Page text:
“Don’t you remember the five loaves for the five thousand, and how many basketfuls you gathered? Or the seven loaves for the four thousand, and how many basketfuls you gathered? How is it you don’t understand that I was not talking to you about bread?'” (Matthew 16:9-11, NIV).
When I was a kid my dad was a school teacher and since school teachers didn’t make very much money, my mom also worked to supplement our family income. In the summer my dad was a stay-at-home parent and it fell to him to fix lunch each day. He would always gather the leftovers from various, unrelated meals and warm them up for our lunch. Oh, how I loathed leftovers!
Perhaps the disciples felt the same way about leftovers in this story from Matthew 16 when they forgot to take food with them on their boat trip across the Sea of Galilee.
Matthew indicates that when Jesus fed the 5,000 men (plus women and children) from 5 loaves and 2 fishes (supplied by a little boy according to John), there were 12 basketfuls of leftovers from the meal (Mark, Luke and John all concur with these numbers; cf. Mark 6:35-44, Luke 9:10-17, John 6:1-15): “They all ate and were satisfied, and the disciples picked up twelve basketfuls of broken pieces that were left over” (Matthew 14:20, NIV).
When Jesus performed a similar miracle with 4,000 men (plus women and children), there were 7 basketfuls of leftovers: “They all ate and were satisfied. Afterward the disciples picked up seven basketfuls of broken pieces that were left over.” (Matthew 15:37, NIV).
After the feeding of the 4,000+ Jesus and the disciples got in a boat and went across the lake (sometimes called the Sea of Galilee in the Bible and now called Lake Tiberias, it is the largest freshwater lake in Israel).
Despite the fact that there were 7 basketfuls of leftovers from the feeding of the crowd of 4,000+, the disciples somehow forgot to take food with them when they set out to cross the lake: “When they went across the lake, the disciples forgot to take bread” (Matthew 16:5, NIV; cf. Mark 8:14,16).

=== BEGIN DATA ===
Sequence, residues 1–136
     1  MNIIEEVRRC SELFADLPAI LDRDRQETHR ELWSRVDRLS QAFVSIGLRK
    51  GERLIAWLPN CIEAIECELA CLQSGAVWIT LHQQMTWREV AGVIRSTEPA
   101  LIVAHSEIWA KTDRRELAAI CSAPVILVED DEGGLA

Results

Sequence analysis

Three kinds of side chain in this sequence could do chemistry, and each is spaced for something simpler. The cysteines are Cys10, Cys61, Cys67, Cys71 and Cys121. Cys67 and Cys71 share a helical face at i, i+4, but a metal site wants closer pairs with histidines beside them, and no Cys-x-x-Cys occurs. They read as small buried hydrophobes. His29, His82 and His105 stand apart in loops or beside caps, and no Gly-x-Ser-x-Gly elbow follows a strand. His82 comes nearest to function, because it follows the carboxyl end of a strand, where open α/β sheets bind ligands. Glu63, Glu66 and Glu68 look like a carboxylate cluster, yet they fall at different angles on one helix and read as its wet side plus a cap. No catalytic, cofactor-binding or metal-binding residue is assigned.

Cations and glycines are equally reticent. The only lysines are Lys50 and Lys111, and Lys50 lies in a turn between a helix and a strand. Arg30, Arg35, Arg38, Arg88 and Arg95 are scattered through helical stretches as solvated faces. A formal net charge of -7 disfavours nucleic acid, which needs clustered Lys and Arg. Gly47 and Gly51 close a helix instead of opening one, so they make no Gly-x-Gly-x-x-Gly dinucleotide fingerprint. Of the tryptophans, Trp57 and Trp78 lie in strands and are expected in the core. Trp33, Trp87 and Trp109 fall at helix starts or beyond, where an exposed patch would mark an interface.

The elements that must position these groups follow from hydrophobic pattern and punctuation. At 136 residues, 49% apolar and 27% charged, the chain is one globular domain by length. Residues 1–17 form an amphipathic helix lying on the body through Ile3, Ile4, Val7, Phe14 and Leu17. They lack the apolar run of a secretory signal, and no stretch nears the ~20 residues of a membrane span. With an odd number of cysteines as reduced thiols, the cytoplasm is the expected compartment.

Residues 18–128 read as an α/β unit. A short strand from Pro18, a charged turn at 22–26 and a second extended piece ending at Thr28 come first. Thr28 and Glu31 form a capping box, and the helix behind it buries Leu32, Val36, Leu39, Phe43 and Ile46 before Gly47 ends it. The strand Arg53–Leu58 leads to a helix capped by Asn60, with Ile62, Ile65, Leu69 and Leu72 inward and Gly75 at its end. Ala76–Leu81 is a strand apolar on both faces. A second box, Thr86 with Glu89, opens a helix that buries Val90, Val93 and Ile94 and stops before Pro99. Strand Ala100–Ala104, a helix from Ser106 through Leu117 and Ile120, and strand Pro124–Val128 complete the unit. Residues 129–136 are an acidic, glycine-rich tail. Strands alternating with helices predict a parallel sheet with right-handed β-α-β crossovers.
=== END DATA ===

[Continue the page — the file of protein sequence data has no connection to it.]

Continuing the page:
Maybe the disciples forgot to take food on their boat ride because they were simply tired of eating bread and fish leftovers from these crowd-feeding miracles that Jesus performed!
While these miracles of feeding thousands from a small amount of food demonstrate that God is able to supply His provision and care to His people, these miracles also reveal an important aspect of God’s character and personality that we don’t often recognize–a bias towards excess or abundance.
Actually, the enormity of these miracles of the feeding of thousands is even greater than we have been taught. Jesus didn’t provide just enough food to feed everyone, He supplied more than enough food. He supplied a surplus, an abundance!
And, that’s how God works. That’s who He is.
God doesn’t supply His creation with just what is needed; He provides more than is needed. God embellishes his creation with a surplus, with an abundance.
Look at the billions of stars in the night sky. Or, consider the numbers of species of life forms on the earth. That number currently stands at 8.7 million, give or take a million!
What’s important about this personality trait of God–this bias towards abundance–is that it’s comprehensive. God is extremely good; His grace is amazing; His mercy abounds; His love is excessive!
So much so that God would go so far as to redeem rebellious humanity by sending His Son to earth to become a lowly human being and then die an ignominious death so people could live in eternity with Him.
Doesn’t this give new meaning to John 3:16? “For God so loved the world that he gave his one and only Son, that whoever believes in him shall not perish but have eternal life.”
The human condition is such that it’s almost not enough that God is merciful and gracious. What’s required for our eternal restoration is grace that is beyond just grace, mercy that is more than just mercy.
What’s required for our salvation is extreme, extravagant, extraordinary mercy and grace. What’s needed to redeem us is limitless love.
So, don’t forget to bring the leftovers!
Let us then approach God’s throne of grace with confidence, so that we may receive mercy and find grace to help us in our time of need. (Hebrews 4:16, NIV)